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Columbian Voyages Their Effects On American Culture

Columbian Voyages- Their Effects On American Culture Essay, Research Paper In his article The Columbian Voyages, the Columbian Exchange, and Their Historians , Alfred W. Crosby seems to think that much of the Columbian voyages and what came out of them was detrimental to many cultures, most of all the Native Americans.

Columbian Voyages- Their Effects On American Culture Essay, Research Paper

In his article The Columbian Voyages, the Columbian Exchange, and Their Historians , Alfred W. Crosby seems to think that much of the Columbian voyages and what came out of them was detrimental to many cultures, most of all the Native Americans. Crosby brings up many institutions and ideologies to re-enforce his opinion, such as the slave trade and the conquest of many Native American

cultures.

One of the major effects of the Columbian exchange was the decimation of the Native American population. Crosby attributes this to many factors, the conquest of the Europeans, the cultural vacuum created by European attempts to Christianize the Amerindians, and the introduction of new and lethal micro-organisms into the ecosystem. More commonly known as viruses, these organisms wreaked havoc with

a population that had never been exposed to them previously. Crosby chalks this up as another way the Europeans decimated the population of the Amerindians, but neglected to mention that although the introduction of new viruses and diseases into a culture is devastating, it is an integral part of nature and cannot be avoided.

There are many reasons that disease is a necessary part of an ecosystem. First, and most obvious, is the fact that it is one of nature s natural checks. This means that nature, in an attempt to control population and insure a balanced ecosystem, constantly checks itself. Disease is an integral part of these checks, as it cuts down

on the population of human beings- an animal that is certainly at the top of the food chain. If human beings had no natural checks, as they have no natural predators in the wild, their population would soar. This in turn would lead to more consumption at the top of the food chain, eliminating the predators to creatures at the lower end

of the food chain. This would cause their numbers to rise, which would lead to irreparable damage to the ever-fragile ecosystem.

Another reason that disease is needed was defined by Thomas Malthus. His concept is called the Malthusian Law, which states that the population will increase geometrically while the food supply will increase arithmetically. This, simply put, means that the population will grow enormously faster than the food supply will. Predictably, this leads to starvation and death. Disease, as a natural check, prevents this from happening. As the population is checked, the supply of food can keep up with the growth of population, keeping the ecosystem balanced. If disease was not a prevalent factor to check the growth of population, then the Malthusian Law certainly would be.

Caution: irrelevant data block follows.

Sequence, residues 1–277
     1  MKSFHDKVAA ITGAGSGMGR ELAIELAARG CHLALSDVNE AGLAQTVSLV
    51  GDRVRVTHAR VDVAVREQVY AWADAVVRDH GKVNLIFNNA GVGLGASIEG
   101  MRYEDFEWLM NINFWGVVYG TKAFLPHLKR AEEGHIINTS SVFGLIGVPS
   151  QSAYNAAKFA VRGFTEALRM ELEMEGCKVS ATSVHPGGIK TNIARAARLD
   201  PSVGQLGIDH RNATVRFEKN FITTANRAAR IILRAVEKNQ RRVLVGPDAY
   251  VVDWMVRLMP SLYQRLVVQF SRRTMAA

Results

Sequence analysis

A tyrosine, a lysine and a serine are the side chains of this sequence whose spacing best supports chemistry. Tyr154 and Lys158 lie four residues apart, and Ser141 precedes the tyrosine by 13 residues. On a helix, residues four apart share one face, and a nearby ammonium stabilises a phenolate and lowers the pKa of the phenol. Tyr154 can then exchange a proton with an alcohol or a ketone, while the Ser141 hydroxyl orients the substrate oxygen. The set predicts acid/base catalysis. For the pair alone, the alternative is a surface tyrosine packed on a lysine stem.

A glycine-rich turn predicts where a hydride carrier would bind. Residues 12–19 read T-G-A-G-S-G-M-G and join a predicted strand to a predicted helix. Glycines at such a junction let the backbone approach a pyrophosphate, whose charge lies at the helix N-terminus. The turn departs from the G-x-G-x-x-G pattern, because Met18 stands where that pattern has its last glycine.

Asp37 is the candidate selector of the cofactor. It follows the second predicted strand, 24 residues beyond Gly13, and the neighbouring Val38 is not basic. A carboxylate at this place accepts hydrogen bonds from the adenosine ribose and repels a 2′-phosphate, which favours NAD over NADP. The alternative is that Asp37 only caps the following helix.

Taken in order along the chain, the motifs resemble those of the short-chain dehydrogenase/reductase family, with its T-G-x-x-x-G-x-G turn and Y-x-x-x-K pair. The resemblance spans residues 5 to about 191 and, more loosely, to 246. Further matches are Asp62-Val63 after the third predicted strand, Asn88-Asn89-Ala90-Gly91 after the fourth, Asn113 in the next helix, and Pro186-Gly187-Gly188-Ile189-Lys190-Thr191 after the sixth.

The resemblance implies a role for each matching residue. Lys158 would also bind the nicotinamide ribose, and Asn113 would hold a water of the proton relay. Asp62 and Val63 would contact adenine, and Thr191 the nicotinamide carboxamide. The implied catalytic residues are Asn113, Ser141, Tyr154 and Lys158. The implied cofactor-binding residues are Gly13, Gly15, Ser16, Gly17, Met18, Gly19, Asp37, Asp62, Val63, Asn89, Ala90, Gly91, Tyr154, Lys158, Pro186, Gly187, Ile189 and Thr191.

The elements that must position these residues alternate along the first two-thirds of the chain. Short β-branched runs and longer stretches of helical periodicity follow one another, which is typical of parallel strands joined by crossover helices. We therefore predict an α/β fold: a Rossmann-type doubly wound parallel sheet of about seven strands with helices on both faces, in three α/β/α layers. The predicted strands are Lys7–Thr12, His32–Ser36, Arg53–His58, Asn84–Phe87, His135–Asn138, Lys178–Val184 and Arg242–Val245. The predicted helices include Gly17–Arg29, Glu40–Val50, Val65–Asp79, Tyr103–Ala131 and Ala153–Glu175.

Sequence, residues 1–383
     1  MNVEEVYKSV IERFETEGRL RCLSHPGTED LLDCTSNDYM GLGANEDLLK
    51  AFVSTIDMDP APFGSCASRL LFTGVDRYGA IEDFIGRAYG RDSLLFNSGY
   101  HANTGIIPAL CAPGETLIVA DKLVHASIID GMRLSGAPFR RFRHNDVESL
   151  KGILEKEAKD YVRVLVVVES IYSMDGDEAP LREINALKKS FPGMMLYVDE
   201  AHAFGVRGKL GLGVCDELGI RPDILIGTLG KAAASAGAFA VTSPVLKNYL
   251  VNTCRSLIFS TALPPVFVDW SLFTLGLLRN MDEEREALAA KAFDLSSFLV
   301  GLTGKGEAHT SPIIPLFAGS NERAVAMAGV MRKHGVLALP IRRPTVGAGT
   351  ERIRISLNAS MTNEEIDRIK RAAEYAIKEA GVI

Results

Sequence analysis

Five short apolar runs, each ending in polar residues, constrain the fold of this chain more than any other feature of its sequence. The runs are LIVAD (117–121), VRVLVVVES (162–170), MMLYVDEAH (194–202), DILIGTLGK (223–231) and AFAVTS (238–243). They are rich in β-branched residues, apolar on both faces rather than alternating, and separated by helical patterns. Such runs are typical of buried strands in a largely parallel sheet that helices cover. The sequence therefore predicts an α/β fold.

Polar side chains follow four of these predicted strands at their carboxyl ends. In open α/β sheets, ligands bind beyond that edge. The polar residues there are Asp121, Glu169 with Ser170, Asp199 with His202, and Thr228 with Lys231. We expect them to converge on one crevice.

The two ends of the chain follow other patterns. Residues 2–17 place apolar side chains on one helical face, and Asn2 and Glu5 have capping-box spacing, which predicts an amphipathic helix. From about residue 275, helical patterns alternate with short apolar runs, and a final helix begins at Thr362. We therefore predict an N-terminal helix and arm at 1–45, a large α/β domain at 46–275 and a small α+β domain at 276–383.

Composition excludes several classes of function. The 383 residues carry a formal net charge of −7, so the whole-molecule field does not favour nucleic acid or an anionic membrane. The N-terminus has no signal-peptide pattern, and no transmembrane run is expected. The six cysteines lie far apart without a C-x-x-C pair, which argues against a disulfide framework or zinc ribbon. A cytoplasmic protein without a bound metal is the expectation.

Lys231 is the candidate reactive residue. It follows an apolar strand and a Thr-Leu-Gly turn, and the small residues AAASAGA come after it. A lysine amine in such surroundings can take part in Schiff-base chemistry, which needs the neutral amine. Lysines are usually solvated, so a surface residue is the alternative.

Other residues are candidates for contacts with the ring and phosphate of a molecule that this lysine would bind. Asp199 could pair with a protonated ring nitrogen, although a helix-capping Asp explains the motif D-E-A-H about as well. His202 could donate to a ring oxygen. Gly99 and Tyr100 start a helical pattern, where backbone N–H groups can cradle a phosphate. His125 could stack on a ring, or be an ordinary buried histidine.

However, checking the growth of population is not the only reason the disease is needed. Exposure to viruses can also help future generations of humans live longer and more fruitful lives. Strange as it may sound, being exposed to a particular virus can help one s children become better equipped to deal with it. This because human beings, as all living things, are constantly evolving. As the world around them changes, the physiology of the human changes as well. Each generation is stronger, faster, and generally better fit to its environment. Adaptation to disease is one aspect of this adaptation. As one is exposed to a virus, the body begins to manufacture antibodies to fight the intruder. As the virus wipes out the weaker members of society, the survivors bodies have adapted and created a defense mechanism against that particular illness. These antibodies are then passed on to the next generation, making them inherently more resistant to the virus. This ensures the survival of the race.

Viruses also help society by advancing science. Each time a new virus is discovered, medical science rushes to find a cure. And, with each new epidemic, science takes great steps in the understanding and curing of diseases. If it wasn t for the Bubonic Plague, it may have taken decades for doctors to discover that bleeding wasn t a viable treatment of diseases. Many of the breakthroughs of medical science

were the result of a researcher or doctor looking for the cure to a certain disease. As long as there are diseases and viruses in the world that doctors cannot cure or understand, medical science will march on, looking for the answers.

Although devastating and often traumatic, sickness and disease could never be removed from our society, or any society, completely. As they saying goes, build a better lock and you build a better thief, viruses keep getting more lethal and more frightening as medicine learn how to combat each one. However, as horrifying and

lethal as Ebola and AIDS are, they still have their natural place in the world s ecosystem.

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